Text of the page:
A decade on from the introduction of B-BBEE, Jacob Zuma spoke at the first ever B-BBEE Summit, hosted by the Department of Trade and Industry (dti) in collaboration with the Presidential B-BBEE Advisory Council, which he chairs. He spoke about the successes and failures of B-BBEE and outlined future ambitions.
Writer Ian Armitage
This year marks 10 years since South Africa introduced Broad-based Black Economic Empowerment (B-BBEE) and it remains an integral part of South Africa's economic policies and transformation, according to President Jacob Zuma.
"B-BBEE is part of a broader objective of promoting inclusive growth and economic development," he said at the first ever B-BBEE Summit, hosted by the Department of Trade and Industry (dti) in collaboration with the Presidential B-BBEE Advisory Council, which he chairs, adding that the state will continue to intervene and promote transformation.
Mr Zuma stressed that economic transformation was not just about big business deals for a few individuals in society and that BEE policy should be consistently implemented across all parts of the economy to ensure maximum impact on as many South Africans as possible.
He said that throughout the decade, there have been successes and challenges in the implementation of the legislation, and that the summit was intended to reflect on what has worked and what has not worked, so as to build a truly inclusive economy.
"There have been successes and there have also been challenges," he told delegates, adding, "A lot of progress has been made over the years to open up opportunities and to grow the economy. In this regard, the South African economy has expanded by 83 percent over the past 19 years."
Zuma also noted that there had been growth in the black middle class and said although progress had been achieved with BEE, the country still faced unacceptable levels of poverty, inequality and unemployment.
"Let me hasten to add however, that while we have made strides with regards to black economic empowerment and the growth of the black middle class, we are still faced by unacceptable levels of poverty, inequality and unemployment," he said. "The average annual African household income is R60,613 and of the white household stands at R365,164, indicating the enormous work we must still do to bridge the gap at the levels of the poor and the working class.
"With regards to progress in terms of BEE transactions, according to our National Treasury, over R600 billion in BEE transactions have been recorded since 1995."
Zuma encouraged the growth of SMMEs that are owned by black people, women, youth and people with disabilities.
"We encourage the growth of more SMMEs owned by black people, women, youth and persons with disability in our six New Growth Path job drivers – mining, agriculture, the green economy, tourism, manufacturing and infrastructure development. The backbone of any growing economy will depend on its SMMEs sector, and will have huge impact on creation of jobs and skills development in our economy," he said. "The National Empowerment Fund (NEF), which is mandated to grow black economic participation, has approved over 500 transactions worth over R5 billion to black empowered businesses across the country."
Zuma said that, going forward, active B-BBEE will continue to be an important policy of the ANC government, "driving real and meaningful economic transformation and growth".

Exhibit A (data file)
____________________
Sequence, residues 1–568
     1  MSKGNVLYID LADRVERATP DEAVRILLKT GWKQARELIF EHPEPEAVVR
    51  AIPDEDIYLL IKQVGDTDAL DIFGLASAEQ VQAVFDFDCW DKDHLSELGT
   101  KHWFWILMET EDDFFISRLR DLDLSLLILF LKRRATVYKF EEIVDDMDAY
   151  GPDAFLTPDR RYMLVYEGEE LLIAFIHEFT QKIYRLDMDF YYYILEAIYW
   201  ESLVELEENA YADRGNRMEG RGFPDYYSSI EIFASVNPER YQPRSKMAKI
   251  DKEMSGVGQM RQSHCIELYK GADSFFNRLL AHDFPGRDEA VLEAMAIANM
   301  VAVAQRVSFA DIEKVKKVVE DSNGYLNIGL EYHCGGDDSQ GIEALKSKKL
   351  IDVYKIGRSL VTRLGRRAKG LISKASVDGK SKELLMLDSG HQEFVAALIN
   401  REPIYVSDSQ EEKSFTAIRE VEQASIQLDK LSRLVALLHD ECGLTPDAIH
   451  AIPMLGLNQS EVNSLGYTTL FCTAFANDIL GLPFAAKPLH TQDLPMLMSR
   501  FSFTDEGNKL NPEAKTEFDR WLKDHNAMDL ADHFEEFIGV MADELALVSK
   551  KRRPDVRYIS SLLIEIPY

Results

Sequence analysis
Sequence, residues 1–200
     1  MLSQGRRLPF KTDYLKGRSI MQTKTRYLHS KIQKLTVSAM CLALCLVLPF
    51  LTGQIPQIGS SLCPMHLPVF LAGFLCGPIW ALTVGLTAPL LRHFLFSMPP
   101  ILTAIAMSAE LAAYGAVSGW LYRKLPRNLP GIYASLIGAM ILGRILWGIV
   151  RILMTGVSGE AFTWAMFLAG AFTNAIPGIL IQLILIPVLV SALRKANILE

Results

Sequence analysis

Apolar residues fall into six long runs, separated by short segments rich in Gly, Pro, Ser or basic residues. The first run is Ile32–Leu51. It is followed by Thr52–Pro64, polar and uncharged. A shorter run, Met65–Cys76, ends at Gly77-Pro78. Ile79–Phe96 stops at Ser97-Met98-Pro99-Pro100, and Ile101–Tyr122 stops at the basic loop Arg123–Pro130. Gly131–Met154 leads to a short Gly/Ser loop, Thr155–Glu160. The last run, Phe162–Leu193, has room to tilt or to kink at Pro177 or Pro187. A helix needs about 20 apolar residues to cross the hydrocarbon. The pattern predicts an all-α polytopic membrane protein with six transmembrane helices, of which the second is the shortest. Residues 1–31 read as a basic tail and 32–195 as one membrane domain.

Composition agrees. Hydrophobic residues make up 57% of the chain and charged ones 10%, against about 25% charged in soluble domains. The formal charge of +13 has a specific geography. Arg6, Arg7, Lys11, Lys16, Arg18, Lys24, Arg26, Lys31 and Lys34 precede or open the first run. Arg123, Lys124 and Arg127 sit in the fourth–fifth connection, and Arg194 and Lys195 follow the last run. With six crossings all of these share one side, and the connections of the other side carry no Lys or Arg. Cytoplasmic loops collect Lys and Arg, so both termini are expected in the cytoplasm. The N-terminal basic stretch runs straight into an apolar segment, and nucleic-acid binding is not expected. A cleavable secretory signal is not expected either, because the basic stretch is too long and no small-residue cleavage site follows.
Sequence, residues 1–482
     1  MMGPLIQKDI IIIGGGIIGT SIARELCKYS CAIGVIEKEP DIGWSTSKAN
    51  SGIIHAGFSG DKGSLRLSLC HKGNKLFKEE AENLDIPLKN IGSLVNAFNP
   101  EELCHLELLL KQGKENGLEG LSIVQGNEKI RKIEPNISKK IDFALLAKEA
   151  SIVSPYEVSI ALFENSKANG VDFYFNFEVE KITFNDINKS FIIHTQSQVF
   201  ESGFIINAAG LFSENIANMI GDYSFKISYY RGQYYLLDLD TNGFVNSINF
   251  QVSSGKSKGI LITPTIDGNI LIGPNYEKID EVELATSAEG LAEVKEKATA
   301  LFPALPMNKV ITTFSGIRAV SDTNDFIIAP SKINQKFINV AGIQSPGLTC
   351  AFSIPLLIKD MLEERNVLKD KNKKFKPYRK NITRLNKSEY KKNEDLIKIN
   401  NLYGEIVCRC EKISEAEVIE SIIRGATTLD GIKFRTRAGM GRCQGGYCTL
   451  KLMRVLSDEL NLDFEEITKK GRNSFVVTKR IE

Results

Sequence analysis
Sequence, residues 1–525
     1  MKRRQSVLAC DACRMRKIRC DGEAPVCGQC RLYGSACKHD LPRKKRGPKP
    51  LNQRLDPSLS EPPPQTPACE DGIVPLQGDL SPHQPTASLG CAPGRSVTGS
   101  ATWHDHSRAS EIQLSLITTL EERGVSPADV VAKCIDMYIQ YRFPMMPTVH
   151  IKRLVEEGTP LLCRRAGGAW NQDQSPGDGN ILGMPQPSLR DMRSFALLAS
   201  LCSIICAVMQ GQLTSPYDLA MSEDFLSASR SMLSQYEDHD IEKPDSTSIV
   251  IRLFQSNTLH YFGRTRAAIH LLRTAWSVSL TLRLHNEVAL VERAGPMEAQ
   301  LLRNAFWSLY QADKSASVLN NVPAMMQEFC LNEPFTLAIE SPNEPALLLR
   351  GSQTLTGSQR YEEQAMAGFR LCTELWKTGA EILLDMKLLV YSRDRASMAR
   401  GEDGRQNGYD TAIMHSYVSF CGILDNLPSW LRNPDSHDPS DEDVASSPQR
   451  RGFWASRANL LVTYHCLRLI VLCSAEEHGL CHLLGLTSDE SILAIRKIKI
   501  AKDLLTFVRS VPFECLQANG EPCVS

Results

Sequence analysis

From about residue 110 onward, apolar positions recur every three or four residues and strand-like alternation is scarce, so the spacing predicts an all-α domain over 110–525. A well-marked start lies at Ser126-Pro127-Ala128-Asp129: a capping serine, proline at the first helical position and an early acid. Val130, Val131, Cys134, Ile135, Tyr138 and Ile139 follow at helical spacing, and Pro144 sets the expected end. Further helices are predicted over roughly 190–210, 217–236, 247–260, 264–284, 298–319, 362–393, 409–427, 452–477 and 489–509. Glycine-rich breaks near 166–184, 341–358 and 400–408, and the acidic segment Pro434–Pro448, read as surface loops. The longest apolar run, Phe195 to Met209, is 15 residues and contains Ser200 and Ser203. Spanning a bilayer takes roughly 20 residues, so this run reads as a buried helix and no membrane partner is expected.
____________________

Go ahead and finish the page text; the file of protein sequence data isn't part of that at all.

"The State will continue to intervene and promote transformation," he explained. "Where the state intervenes strongly and consistently, it can turn around key industries that face external or internal threats as has happened in our manufacturing sector. Intervention by way of targeted financial support and localised State procurement has seen the revitalisation of industries such as train and bus building as well as clothing, textiles and footwear manufacturing. This has helped to protect existing jobs and to create new ones. We are moving a step ahead to promote transformation, and the passing of the BBBEE Amendment Bill by the National Assembly on 20 June 2013 represented a huge step forward. We have reviewed BBBEE in order to align it with other key pieces of legislations, including, but not limited to Industrial Policy, National Development Plan, New Growth Path, and National Skills Development Strategy 3, which are all geared to support job creations, localisations, skills development and growth."
Mr Zuma also condemned the act of so-called fronting, calling it unforgivable.
"It distorts our empowerment picture, giving an impression of progress where there is none," he said.
The President continued that business training was "crucial" so that emerging entrepreneurs can gain confidence and expand beyond ownership to become industrialists. He said the State would continue to support empowerment.
"The State will continue to intervene and promote transformation," Zuma explained.
Economic Development Minster Ebrahim Patel and Trade and Industry Minister Dr Rob Davies were among those who attended the first day of the summit and Mr Davies acknowledged that while B-BBEE was initially not effective nationally, it has been a success.
"Achieving broad-based black empowerment was a political imperative ... and a matter of equity," said Davies. "It has also been an economic imperative."
Davies was speaking at the New Age's business breakfast in Midrand.
He said efforts were in place to improve the system and acknowledged that the plan still faced several problems.
Local commentators have been calling for more clarity and improved transparency as the government assesses its options to increase the pace of transforming black people's lives.
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